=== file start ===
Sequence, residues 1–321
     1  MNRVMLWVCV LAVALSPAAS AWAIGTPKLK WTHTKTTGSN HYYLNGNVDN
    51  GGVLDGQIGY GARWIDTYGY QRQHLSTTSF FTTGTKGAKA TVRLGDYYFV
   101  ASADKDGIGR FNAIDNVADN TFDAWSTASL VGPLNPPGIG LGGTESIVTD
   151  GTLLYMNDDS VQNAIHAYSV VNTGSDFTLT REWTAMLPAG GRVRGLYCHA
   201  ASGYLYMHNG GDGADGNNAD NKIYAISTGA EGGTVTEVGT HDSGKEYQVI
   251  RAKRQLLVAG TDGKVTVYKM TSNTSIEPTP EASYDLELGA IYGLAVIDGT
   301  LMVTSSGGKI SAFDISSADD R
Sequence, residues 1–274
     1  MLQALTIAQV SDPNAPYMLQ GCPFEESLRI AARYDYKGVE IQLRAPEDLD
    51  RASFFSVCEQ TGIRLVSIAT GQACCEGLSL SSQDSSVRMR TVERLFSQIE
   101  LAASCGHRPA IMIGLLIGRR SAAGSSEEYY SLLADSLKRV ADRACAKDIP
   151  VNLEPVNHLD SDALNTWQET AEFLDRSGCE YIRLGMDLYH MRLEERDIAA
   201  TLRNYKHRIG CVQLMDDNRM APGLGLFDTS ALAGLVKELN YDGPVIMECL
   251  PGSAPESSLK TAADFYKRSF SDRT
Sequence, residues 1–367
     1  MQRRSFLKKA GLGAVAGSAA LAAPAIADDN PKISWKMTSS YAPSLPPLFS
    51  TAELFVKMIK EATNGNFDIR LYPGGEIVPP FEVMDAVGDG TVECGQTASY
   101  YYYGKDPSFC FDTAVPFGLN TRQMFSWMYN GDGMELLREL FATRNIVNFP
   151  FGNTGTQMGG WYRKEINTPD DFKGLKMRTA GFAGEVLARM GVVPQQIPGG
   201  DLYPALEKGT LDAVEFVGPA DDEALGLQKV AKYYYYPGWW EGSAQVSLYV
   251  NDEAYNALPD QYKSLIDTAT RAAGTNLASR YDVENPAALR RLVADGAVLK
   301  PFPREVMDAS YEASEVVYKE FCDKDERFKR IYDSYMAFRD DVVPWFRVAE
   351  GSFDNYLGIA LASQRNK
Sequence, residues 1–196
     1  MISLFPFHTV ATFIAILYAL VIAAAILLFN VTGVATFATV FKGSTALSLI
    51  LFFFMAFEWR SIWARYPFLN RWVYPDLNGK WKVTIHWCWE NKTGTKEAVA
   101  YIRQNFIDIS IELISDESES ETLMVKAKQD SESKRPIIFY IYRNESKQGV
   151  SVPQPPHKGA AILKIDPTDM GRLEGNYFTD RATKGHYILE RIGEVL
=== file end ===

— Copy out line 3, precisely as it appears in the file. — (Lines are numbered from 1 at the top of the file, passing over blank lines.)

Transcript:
    51  GGVLDGQIGY GARWIDTYGY QRQHLSTTSF FTTGTKGAKA TVRLGDYYFV